Quote Originally Posted by Diapositivo View Post
Another thought: some of the pictures of Vivian Maier are, so to speak, "obviously good". Nonetheless she probably had no illusions that a nanny could ever walk into a gallery and propose her work. If she had been friend with some famous photographer or gallerist of the times she could maybe have been famous. The point here is that "obviously good" images maybe are not enough.

The "great photographers" we know are probably just a random selection among the many equally great unknown photographers around us. The "random" selection is mostly made by life circumstances that end up being more important than the body of work itself.
I don't believe that the "greats" are a random set, nor that their photographic work is better than many lesser knowns, or even better than what the average APUGer is capable of.

What the "greats" all do seem to hold in common are simply; the choice to enter, the talent for, and the will to succeed in photography as a business, nothing more.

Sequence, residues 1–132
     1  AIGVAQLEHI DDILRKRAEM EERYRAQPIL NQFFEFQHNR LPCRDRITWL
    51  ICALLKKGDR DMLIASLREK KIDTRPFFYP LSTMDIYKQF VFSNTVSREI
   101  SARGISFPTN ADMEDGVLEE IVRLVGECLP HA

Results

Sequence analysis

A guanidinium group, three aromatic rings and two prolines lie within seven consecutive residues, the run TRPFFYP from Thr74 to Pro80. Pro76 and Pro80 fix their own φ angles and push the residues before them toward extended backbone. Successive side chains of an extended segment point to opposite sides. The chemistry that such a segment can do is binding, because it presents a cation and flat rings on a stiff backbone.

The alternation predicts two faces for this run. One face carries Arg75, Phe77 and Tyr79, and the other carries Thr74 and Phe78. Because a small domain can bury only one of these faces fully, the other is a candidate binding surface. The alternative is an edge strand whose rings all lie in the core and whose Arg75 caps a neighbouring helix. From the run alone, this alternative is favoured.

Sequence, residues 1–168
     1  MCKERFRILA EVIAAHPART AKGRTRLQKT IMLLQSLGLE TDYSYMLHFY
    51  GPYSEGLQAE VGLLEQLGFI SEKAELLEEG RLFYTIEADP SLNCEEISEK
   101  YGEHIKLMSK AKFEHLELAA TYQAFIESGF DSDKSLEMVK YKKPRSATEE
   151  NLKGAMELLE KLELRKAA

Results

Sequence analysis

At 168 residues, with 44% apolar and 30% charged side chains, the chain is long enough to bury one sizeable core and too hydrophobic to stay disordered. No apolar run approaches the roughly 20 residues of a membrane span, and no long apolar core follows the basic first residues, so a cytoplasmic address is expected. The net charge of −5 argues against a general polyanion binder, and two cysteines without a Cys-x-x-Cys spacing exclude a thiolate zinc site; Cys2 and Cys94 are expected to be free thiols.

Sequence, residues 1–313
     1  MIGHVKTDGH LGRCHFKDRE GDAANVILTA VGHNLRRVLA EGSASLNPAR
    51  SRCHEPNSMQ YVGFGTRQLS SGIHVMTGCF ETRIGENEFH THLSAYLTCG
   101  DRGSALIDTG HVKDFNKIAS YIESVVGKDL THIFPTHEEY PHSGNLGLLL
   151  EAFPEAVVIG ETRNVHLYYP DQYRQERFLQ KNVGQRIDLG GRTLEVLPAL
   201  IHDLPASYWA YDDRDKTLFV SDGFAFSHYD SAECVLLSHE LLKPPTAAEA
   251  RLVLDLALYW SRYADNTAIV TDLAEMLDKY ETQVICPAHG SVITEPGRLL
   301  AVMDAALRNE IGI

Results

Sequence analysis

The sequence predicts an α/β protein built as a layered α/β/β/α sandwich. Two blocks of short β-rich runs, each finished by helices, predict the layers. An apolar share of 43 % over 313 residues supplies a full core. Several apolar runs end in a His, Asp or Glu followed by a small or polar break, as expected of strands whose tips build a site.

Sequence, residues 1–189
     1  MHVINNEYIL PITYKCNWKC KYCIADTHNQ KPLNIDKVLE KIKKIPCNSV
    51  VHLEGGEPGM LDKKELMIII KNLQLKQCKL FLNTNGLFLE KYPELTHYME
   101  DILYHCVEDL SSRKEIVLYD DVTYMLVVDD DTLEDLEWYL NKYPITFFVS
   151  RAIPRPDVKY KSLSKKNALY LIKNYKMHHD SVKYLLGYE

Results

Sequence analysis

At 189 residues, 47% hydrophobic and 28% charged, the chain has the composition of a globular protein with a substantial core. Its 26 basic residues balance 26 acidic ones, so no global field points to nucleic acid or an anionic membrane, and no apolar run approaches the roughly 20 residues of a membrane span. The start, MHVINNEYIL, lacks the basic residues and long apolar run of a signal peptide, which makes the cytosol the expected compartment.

For example, Ansel Adams could very easily have ended up as a concert pianist.

This is not to say they didn't get good at their craft.

Quote Originally Posted by Diapositivo View Post
Or maybe not. Vivian Maier left behind her a huge body of work. It's likely that the vast majority of those images are not that interesting anyway. The first rule in this case should be: "show only the best". And one has to be able to discern what is better and what is worse. And she wasn't a good printer, it seems. Well, that reminds me of an aunt of mine, which writes absolutely stunning poems in Roman dialects but lacks the "energy" to do all the limae labor, the painful job of perfecting the raw material to make it shine. She finds "instant satisfaction" in the poem as it first appeared, and than just concentrate on the next one. She doesn't even see when a verse is somehow weak, or when there is some style problem. I suppose Vivian Maier was a bit the same: more, more and more pictures, without too much self-critique, without the urge to perfect the art or printing. "Instant satisfaction" without a "direction" so to speak.
It's perfectly legitimate, it's her choice, but it's also a pity because this way a lot of genius gets wasted in the world.
Henri Catier-Bresson could be accused of the same failing, given that he had little or no interest in and hired out all of his printing. A hunter not a cook.

HCB did though choose to self-promote. He chose to be in business, that's a lot of work.

I see it as a shame that one must succeed commercially to be considered a great.